Wednesday, 10 April 2013

A Long Awaited Thaw

No one else seemed to notice. Certainly not the TV Weather Oracle who only a couple of days ago predicted more and more snow and cold weather. And an all-night frost --- every night, something more typical of February than mid April. However, a week ago when I walked  through my field I felt the land glow with an unexpected warmth, particularly curious since a layer of snow still covered the yellow grass. But there it was, the land's first stirring after a prolonged sleep. Later while planting trees I saw the first buttercups poke through the dead grass. Nasty weeds, but in this case the first most welcome sign that our Narnian winter was not going to last until next Christmas, but would end soon.

My father, who could not make the “th” sound as in “thaw”, would say that “The saw is on the way.”

Overhead, flock after flock of screaming geese flew by. Farmers around here watch them carefully as their appearance usually precedes warmer weather.

And then in our garden, the blackcurrant bushes were budding. Daffodils pushed up another inch. You could tell the difference in only three days. If the Weather Oracles paid more attention to what the land has to tell them instead of to graphs and charts, maybe their soothsaying would hit the mark more often.

Nobody, not even old-timers remember anything like this winter, mythological in its endlessness and severity. A sense of hopelessness ran parallel, a feeling that it’s useless to do anything because the snow will only bury you and your dreams.

Most distressing for us was the loss of our bee colony. Our first one, which we housed in a hollow log. The bees were happy enough there, but I suspect that the long winter did them in. Every few weeks bees have to go outside for a cleansing flight. If temperatures are too low, say below 8 degrees for a long time, the bees are trapped on their comb. They tend to get dysentery, and are at risk of dying. Once their numbers drop below a critical threshold, they can no longer stay warm, and the rest of the colony dies. At Cottarton, for almost two months the temperatures didn't get higher than 3 degrees.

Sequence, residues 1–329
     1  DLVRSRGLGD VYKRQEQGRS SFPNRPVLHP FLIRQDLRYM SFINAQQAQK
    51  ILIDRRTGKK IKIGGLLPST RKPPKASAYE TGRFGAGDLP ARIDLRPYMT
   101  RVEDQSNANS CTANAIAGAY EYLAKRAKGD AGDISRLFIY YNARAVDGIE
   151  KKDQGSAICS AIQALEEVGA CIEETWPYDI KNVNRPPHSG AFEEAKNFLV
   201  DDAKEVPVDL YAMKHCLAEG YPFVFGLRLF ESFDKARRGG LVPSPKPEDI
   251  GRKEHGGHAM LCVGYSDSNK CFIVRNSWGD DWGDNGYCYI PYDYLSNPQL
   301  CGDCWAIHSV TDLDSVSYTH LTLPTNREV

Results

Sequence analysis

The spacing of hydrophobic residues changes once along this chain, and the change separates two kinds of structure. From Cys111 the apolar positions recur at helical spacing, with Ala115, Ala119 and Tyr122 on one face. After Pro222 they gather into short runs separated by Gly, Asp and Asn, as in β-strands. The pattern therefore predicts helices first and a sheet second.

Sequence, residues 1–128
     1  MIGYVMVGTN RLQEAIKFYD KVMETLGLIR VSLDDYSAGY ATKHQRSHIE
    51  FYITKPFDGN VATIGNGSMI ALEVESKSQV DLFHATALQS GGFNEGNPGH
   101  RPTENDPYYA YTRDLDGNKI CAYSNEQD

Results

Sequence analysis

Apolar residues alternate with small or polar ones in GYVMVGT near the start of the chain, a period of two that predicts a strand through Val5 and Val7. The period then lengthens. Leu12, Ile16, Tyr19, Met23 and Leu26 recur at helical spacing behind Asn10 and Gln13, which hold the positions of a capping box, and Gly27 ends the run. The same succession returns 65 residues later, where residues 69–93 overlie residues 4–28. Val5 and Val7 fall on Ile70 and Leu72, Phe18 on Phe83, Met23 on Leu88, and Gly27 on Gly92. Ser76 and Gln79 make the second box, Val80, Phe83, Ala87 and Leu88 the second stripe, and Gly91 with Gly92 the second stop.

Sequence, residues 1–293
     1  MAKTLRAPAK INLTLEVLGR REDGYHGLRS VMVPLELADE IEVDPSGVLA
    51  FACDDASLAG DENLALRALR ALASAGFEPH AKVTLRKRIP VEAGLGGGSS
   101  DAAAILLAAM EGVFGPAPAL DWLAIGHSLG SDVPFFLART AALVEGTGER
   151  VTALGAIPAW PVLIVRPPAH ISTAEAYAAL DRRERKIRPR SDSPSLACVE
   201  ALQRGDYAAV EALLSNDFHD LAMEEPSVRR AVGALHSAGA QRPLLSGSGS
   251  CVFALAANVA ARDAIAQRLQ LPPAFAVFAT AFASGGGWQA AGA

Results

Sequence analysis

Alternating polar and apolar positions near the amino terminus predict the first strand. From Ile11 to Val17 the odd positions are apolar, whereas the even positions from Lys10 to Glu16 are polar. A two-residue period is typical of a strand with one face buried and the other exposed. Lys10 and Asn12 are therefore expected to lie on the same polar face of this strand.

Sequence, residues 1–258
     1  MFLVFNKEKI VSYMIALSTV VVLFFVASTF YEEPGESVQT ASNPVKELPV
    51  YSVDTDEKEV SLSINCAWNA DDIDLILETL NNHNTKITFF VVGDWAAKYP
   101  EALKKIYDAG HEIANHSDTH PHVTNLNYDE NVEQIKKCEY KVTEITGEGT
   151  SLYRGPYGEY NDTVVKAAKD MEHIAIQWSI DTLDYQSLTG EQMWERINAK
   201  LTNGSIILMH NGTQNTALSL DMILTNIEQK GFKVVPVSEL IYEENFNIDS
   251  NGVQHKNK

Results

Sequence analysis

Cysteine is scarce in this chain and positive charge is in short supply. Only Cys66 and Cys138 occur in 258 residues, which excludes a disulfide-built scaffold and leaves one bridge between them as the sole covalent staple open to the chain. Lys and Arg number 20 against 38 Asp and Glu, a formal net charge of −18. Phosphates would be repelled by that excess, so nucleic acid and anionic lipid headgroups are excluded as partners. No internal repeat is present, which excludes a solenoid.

However, the bees left us a message, a "thank you" for providing them with a home, in the form of  two large honeycombs filled with honey, enough to fill three large jars. Upon tasting that honey, you feel that you're taking in a spoonful of sunshine. And so it is. Bees are essentially solar creatures who imbibe and store the sun’s energies. After tasting the honey, Amber declared that we would not give up. We were going to keep bees again.

And so I cleaned out the log hive with a blowtorch, to destroy any nosema spores that may have contributed to the colony’s demise.  I ordered a Warre Hive that may be a better home for long winters. More on that later. And I ordered a bee nucleus. They’ll be here in June --- by which time the nectar will flow. 

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